Excuse my book-themed title again. It's from "Advanced Witchcraft" by Ly De Angeles and is a quote I have been trying (with varied results) to live up to for years. It's not always easy and even these days, not perfect. But have this, from someone who thinks far too much:

For most of my life, I have let people tell me who I am and what to do. It's not as if the whole time I didn't think "hang on a minute, why exactly is this happening?", because I did. It really got on my nerves - but as we all know, knowing something to be true and actually doing something about it are two totally different things.

You're stuck in a bad relationship, except you're not really. Your friends point it out, all the countless things that are wrong with it. You know, but it's not something that we have the courage to change until it really hits us. You prioritise someone else's feelings over your own, because you're just that great a person - but it really cannot always work out that way. It rarely ever does. I think most of us are guilty of this; knowing a situation isn't quite how we want it to be and of course we can do something about it, but we don't until it really hits home that we're not being true to ourselves by allowing the situation to stay the same.

Have some fine examples of what I mean...

I had a friend once in school and throughout college, who everyone thought the world of. I really have no idea why. Back then, we were always together and would share everything, but the second we were in a group, I would literally be her shadow (it was fairly ironic, considering I was about a foot taller than her). I never had siblings, so really wanted that best-friend relationship and therefore ignored the fact that she most likely didn't really like me at all and everyone would actually physically look through me, not even seeing me, when she was around. I would speak and it was like I did. not. exist. In brief, she stopped talking to me because she found people who would put up with her and were better for her image at university. She was a narcissist. One day, I asked myself why I was giving my time and energy trying to be there for someone who didn't want to know. She did give me a drunken apology once, when her life was crashing down around her, but is that really good enough? Nope. Not for me and not for you. It's a toxic kind of relationship to have in your life, a one-sided one.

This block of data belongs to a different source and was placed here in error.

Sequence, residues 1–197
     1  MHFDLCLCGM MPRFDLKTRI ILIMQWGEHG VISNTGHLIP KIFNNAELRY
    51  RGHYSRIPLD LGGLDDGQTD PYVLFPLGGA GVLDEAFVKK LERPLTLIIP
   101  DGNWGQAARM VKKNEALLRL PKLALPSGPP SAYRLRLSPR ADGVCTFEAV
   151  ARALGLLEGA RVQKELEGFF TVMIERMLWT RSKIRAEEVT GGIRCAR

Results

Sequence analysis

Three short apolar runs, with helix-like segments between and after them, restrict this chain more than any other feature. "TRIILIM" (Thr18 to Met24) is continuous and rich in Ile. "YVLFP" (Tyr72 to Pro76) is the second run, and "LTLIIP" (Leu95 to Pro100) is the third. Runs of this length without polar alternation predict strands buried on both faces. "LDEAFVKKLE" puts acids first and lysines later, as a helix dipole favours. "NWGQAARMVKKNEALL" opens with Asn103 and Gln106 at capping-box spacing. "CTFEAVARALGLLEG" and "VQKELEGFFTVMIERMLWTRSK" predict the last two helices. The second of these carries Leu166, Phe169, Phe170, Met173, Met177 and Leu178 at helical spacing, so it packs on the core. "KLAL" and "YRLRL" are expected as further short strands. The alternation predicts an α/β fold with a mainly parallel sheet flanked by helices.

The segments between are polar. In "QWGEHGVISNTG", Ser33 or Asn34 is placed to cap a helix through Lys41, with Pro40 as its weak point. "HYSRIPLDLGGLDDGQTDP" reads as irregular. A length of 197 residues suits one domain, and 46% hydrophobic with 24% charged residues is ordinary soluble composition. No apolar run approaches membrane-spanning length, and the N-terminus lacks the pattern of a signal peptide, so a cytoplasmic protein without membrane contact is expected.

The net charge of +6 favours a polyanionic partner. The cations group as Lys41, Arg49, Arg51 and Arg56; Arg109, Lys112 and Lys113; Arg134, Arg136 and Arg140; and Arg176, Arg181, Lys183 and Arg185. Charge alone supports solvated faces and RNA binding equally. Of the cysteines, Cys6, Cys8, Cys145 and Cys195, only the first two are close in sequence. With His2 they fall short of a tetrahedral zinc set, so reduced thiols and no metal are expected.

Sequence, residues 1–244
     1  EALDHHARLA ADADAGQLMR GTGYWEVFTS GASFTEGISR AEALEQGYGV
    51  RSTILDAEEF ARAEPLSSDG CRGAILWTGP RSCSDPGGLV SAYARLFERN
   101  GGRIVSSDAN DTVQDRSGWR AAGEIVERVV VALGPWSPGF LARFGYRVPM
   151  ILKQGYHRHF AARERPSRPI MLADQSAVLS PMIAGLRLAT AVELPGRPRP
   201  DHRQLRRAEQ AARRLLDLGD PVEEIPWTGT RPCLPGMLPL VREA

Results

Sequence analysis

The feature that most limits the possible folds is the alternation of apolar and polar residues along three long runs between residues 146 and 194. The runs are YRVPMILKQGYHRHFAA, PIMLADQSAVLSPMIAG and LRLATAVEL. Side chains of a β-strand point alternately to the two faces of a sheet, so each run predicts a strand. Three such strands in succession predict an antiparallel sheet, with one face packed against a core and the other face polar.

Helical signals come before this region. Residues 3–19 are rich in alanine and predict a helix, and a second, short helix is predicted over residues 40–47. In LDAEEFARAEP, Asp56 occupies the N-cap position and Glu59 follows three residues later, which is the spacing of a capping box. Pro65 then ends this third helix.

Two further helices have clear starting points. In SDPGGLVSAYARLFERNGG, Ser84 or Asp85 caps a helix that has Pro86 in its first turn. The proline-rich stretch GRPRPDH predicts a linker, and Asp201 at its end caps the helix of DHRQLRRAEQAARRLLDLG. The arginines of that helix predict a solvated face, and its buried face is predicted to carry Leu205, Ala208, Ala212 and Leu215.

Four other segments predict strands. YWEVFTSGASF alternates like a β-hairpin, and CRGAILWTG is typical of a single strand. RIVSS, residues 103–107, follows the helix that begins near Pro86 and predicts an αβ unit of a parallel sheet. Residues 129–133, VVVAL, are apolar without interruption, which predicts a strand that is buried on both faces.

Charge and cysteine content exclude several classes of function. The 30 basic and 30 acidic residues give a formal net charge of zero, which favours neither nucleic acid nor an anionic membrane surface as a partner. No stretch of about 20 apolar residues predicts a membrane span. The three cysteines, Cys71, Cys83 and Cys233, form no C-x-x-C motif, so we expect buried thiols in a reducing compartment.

One other "friend" decided that because I wasn't willing to go out all the time and come to his house, be his girlfriend, conform to every single idea he had, I was bad news. Nothing I ever did was good enough. News; they're not good enough for you.

A recent relationship that I ended was so painfully one-sided that it left me ill. Stress and worry can make you physically sick. It's not an urban myth. Instead of drinking myself silly, trying to travel as far away as I can to forget, or hurting myself, I just realised that none of it helps. Not one bit.

Not one cut, one drink, one sunset, is going to help you escape from yourself. You are in your head, whether you like that or not. It's your responsibility to be honest to yourself first, about the things that scare you. Never mind if two different people are trying to pull you in five different directions, what do you want? What do you actually want? Without asking yourself that, you are walking in the shadow of the people who might not have your best interests at heart.

Taking care of yourself starts with being honest, so the world can wait. If you make yourself light, you'll never walk in anyone else's shadow again.

Published by Tiffany Mitchell